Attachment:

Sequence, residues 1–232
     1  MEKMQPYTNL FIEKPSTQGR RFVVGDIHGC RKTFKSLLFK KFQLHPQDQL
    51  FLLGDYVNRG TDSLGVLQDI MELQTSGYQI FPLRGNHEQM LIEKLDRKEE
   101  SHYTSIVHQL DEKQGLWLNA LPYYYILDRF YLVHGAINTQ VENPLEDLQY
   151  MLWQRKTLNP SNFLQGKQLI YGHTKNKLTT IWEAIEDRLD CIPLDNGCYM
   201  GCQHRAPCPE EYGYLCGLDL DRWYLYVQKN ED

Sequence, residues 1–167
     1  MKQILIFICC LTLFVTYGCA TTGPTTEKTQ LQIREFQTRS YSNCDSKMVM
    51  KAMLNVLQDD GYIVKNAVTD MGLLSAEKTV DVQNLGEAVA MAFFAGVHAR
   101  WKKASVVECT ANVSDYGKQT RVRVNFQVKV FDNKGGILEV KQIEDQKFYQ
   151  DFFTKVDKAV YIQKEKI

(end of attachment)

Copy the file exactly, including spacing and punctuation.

Sequence, residues 1–232
     1  MEKMQPYTNL FIEKPSTQGR RFVVGDIHGC RKTFKSLLFK KFQLHPQDQL
    51  FLLGDYVNRG TDSLGVLQDI MELQTSGYQI FPLRGNHEQM LIEKLDRKEE
   101  SHYTSIVHQL DEKQGLWLNA LPYYYILDRF YLVHGAINTQ VENPLEDLQY
   151  MLWQRKTLNP SNFLQGKQLI YGHTKNKLTT IWEAIEDRLD CIPLDNGCYM
   201  GCQHRAPCPE EYGYLCGLDL DRWYLYVQKN ED

Sequence, residues 1–167
     1  MKQILIFICC LTLFVTYGCA TTGPTTEKTQ LQIREFQTRS YSNCDSKMVM
    51  KAMLNVLQDD GYIVKNAVTD MGLLSAEKTV DVQNLGEAVA MAFFAGVHAR
   101  WKKASVVECT ANVSDYGKQT RVRVNFQVKV FDNKGGILEV KQIEDQKFYQ
   151  DFFTKVDKAV YIQKEKI